FOH AV Design, visual communications system design: The Wiz. Director: Michael Howcroft. Performed at Liverpool Institute for Performing Arts, 7th-9th November 2013.
At the start of the 2013-147 academic year, LIPA sprang back to life and began its season of shows with the classic ’70s re-telling of L. Frank Baum’s The Wizard Of Oz. The Wiz tells the story of Dorothy and her friends journeying to see the fearsome Wiz, who agrees to grant their wishes on the condition that they kill the oppressive Wicked Witch of the West. Throw in a series of soulful, high-energy musical numbers penned by the likes of Quincy Jones and Luther Vandross and you’ve got a sure-fire instant hit!
As the sole video technician on the show, there was certainly no shortage of work! My tasks were divided into two main areas: the FOH AV design and system, and a two-way video link into a separate band room. Here‘s the final component diagram.
The FOH design mostly involved a series of backdrops to set the scene at various points in the show. As there was quite a visually surreal aspect to the show’s concept, I did not opt for the traditional photo-manipulation style of scene. Instead, I created a series of computer generated scenes from scratch, which I was able to adjust and render to suit the director’s needs.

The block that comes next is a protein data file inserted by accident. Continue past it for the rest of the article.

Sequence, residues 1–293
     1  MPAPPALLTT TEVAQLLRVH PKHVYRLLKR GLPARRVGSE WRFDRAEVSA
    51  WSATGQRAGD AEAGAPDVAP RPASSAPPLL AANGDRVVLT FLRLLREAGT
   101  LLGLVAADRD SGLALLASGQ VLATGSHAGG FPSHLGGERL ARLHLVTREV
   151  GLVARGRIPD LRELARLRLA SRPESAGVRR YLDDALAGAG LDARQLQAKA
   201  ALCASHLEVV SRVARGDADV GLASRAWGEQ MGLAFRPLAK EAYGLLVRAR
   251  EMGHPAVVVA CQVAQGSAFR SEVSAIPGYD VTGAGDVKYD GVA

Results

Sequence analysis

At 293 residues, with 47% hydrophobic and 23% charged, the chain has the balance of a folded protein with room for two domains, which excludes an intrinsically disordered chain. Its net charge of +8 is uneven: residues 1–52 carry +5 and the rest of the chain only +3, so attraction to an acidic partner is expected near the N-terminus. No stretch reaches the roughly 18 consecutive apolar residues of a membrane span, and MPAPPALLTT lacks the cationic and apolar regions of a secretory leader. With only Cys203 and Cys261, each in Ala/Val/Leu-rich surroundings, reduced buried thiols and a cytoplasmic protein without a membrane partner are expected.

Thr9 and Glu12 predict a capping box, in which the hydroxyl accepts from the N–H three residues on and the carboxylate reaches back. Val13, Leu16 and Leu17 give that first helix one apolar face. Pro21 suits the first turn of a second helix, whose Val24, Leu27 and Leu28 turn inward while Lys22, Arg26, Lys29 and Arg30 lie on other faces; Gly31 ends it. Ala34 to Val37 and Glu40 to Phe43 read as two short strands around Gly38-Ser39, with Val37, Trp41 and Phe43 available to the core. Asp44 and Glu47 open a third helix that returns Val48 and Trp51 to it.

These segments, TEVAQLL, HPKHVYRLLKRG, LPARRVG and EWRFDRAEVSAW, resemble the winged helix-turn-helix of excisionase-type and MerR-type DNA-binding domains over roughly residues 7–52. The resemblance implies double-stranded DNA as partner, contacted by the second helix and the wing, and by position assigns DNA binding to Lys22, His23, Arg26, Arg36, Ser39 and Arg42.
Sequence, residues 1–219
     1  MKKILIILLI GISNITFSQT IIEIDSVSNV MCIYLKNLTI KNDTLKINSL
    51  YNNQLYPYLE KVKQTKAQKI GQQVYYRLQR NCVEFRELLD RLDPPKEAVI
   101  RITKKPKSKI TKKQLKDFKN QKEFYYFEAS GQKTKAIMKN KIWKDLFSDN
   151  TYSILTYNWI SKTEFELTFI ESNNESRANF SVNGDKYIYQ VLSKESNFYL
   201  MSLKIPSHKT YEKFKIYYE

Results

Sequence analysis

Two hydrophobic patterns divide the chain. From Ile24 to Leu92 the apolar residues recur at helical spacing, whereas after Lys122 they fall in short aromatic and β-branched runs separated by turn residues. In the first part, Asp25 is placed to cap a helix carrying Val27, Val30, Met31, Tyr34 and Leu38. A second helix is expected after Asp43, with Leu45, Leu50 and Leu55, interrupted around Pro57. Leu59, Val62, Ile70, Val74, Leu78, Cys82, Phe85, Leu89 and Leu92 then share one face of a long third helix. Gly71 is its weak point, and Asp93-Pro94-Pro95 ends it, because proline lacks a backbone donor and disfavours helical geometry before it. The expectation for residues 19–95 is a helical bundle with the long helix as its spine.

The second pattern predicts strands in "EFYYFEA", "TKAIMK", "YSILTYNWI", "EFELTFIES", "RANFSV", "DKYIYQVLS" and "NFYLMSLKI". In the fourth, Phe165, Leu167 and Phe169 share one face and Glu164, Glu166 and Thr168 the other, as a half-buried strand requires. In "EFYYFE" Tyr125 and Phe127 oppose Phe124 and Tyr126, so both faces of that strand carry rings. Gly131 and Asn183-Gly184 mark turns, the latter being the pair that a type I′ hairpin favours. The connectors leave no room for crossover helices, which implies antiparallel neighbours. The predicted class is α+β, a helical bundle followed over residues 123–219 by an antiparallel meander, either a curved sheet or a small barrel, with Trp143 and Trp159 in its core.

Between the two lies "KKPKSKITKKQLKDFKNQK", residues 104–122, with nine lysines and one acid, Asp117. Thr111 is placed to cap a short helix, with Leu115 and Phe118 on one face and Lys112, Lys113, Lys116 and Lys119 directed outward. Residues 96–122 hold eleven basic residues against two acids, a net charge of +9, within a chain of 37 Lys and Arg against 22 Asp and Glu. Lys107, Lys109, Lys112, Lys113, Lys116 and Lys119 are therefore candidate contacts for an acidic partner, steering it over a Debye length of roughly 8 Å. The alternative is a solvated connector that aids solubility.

Although the ‘wallpaper’ was a large part of the AV design, one of the major challenges for this show arose when the director envisaged a new opening to the first scene. Instead of simply raising the lights and beginning the scene, the concept was that the first motion on-stage would be a CGI sequence that flew over a city before dropping down into the street and looking directly down to set the scene outside a tower block. This was to be projected over the whole stage, with the set being covered with white trevira. After some long design conversations and lots of calculations, I finally produced the scene, primarily using Blender 3D (a preliminary version can be viewed here).
The opening scene was magnificent, engaging the audience and making them feel like they were actually in Kansas. — Liverpool Live
The other strand of my work was to design and implement a video link between the room housing the band and the auditorium. The band needed to be able to see the action on-stage, whilst the performers, FOH sound operator, flymen, stage management and I all needed to see the conductor. Naturally, all of these links had to have minimum latency. The final feed was a camera overlooking the whole of the band room, allowing all of the band to be seen — this was projected onto the cyclorama above the stage during the bows sequence.